CLEVELAND — A U.S. Postal Service program can allow thieves to "see" every piece of mail heading to your mailbox before it arrives potentially placing valuable mail at risk.
First launched by the USPS in 2016, "Informed Delivery" is a free and optional notification feature that gives residential customers the ability to digitally preview their letter-sized mail and manage their packages scheduled to arrive soon.
Postal Service customers can actually "see" photos of mail coming to their homes and so far, more than 35 million customers have enrolled in the program.
But it can also allow thieves to sign up for the service and track valuable mail coming to your house--unless you first enroll in the program that effectively blocks others from creating an account in your name.
That's exactly what happened here in Cleveland when a residential customer received a notice from the postal service "thanking him" for signing up.
Problem is — he never did.
Asking to protect his identity, the customer told us "somebody could monitor our mail and say, 'Oh--there's a check from the government.'"
Stephen Frank is an Assistant U.S. Attorney, Chief of the Securities and Fraud Division in Boston who says law enforcement has "techniques" for figuring who's signing up for your informed delivery service in your name and track them.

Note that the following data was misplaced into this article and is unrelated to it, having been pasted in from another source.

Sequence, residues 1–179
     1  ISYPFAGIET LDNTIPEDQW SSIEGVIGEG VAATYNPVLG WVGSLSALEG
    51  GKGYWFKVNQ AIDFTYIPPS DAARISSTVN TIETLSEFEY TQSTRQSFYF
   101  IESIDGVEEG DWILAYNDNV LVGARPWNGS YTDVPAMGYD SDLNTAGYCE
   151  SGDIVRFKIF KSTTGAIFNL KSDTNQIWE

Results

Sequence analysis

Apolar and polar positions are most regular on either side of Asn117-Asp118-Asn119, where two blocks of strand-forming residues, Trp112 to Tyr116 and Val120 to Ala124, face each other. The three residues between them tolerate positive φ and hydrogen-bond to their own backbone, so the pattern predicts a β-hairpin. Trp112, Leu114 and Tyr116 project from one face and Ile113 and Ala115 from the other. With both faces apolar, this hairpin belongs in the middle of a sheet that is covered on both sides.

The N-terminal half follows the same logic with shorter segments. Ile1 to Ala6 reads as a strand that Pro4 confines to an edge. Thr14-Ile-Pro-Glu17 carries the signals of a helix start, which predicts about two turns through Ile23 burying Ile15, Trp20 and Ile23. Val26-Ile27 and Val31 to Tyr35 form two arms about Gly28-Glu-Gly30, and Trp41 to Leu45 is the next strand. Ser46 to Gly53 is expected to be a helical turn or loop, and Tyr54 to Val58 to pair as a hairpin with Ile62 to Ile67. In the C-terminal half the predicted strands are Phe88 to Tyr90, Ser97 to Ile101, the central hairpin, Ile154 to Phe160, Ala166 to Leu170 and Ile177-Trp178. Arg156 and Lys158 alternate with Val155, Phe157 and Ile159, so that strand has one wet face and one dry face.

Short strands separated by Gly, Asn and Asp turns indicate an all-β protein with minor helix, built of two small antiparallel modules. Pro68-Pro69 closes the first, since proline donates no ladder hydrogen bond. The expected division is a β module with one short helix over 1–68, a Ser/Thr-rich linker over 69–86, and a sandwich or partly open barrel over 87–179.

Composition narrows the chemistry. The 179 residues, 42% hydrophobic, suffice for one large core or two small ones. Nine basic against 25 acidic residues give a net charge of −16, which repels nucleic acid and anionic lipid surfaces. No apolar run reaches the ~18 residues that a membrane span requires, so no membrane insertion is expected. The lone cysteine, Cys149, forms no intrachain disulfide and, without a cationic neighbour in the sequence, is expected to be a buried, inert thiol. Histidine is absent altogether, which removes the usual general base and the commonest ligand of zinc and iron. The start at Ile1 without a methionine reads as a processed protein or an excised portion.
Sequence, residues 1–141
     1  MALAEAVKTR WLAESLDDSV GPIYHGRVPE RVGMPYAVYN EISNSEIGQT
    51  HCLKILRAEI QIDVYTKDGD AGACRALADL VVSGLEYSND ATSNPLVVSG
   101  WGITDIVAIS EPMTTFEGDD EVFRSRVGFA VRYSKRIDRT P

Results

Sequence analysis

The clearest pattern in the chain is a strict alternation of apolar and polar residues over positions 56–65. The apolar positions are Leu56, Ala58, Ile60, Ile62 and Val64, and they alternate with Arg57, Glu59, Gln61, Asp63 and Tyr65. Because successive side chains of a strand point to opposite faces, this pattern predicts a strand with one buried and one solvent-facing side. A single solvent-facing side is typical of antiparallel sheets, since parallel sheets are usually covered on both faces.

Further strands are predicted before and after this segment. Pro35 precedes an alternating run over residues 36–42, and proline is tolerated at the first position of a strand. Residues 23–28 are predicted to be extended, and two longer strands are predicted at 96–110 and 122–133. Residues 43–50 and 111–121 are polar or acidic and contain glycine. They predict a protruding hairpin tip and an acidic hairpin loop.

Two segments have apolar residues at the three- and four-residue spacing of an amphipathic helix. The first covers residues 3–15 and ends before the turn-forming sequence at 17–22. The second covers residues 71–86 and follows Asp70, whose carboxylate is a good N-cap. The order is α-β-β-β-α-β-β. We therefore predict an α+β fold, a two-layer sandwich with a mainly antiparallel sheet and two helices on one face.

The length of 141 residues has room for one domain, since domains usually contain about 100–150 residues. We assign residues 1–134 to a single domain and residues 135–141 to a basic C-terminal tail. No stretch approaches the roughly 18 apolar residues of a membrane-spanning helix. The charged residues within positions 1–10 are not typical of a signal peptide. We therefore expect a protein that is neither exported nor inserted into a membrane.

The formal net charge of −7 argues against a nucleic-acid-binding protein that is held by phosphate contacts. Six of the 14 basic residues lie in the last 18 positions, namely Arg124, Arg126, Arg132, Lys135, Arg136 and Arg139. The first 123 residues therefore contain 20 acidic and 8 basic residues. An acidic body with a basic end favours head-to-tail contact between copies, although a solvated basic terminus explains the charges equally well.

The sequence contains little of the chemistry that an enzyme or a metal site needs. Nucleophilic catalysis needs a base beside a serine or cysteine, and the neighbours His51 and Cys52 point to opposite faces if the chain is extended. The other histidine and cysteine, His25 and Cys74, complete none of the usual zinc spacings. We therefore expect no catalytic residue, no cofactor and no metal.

In one recent case, investigators were able to capture suspects on surveillance photos outside a residential mailbox.
"What these fraudsters do, is they sign up in your name...using that service to track when you are expected t receive a particular piece of mail," Frank said.
Security and fraud experts warn postal customers their mail could be at risk.
Steve Weisman is a law professor specializing in fraud and operates the website scamicide.com that monitors fraud and identity theft and believes the current sign up system used by USPS needs additional security features.
"The verification process they use is too transparent -- they've got to get something a bit more sophisticated and there are plenty of programs out there," Weisman said.
A spokesperson for the postal service declined to provide anyone in the USPS to be interviewed for our report, issuing only a statement saying "fraud cases are low," but refusing to release just how many cases have been investigated.
According to the USPS, "postal service customer identities are not compromised by using the Informed Delivery feature."
Even so, a website maintained by the Postal Service Inspector Generaldisplays scores of complaints and concerns over the security of the program, including concerns of "stimulus checks" never arriving.
And while fraud experts advise that by signing up first for the service you effectively block others from doing so--but warn that all names at that address must be added to ensure security.
USPS: 1- Failed to comply with information requests in a reasonable time frame
The Postal service failed to provide requested information and denied our requests for an on-camera interview.